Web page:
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Pharmacogenetics of Intestinal Absorption

[ Vol. 5 , Issue. 3 ]

Author(s):

Tsutomu Nakamura, Motohiro Yamamori and Toshiyuki Sakaeda   Pages 153 - 169 ( 17 )

Abstract:


The small intestine is the primary site of absorption for many drugs administered orally and so is the target tissue for pharmacotherapeutic strategies to control the oral absorption of drugs. Drug transporters, including the ATP-binding cassette (ABC) superfamily and the solute carrier (SLC) superfamily, have been considered to play a physiological role in regulating the absorption of xenobiotics, and variations in their expression level and function in the small intestine cause intra- and inter-individual variation in the oral absorption of drugs. Recent advances in molecular biology have suggested that genetic polymorphisms are associated with the expression level and function, and thereby inter-individual variation. In this review, the pharmacogenetics of these transporters is summarized, and their future significance in the clinical setting is discussed.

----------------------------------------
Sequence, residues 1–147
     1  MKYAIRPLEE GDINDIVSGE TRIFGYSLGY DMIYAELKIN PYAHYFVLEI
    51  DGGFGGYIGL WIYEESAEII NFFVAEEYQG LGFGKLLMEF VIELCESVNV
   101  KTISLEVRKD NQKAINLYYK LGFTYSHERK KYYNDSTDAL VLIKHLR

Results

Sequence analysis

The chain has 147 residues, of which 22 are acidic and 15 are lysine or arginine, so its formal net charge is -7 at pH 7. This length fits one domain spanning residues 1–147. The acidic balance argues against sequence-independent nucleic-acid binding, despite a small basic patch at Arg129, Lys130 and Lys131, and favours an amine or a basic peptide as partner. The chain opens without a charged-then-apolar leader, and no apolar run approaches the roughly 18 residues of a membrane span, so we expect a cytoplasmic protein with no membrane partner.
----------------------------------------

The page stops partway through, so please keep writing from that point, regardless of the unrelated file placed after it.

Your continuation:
, Pharmacogenetics, of, Intestinal, Absorption

Affiliation:

Department of Clinical Evaluation of Pharmacotherapy, Kobe University Graduate School of Medicine,Kobe 650-0047, Japan.



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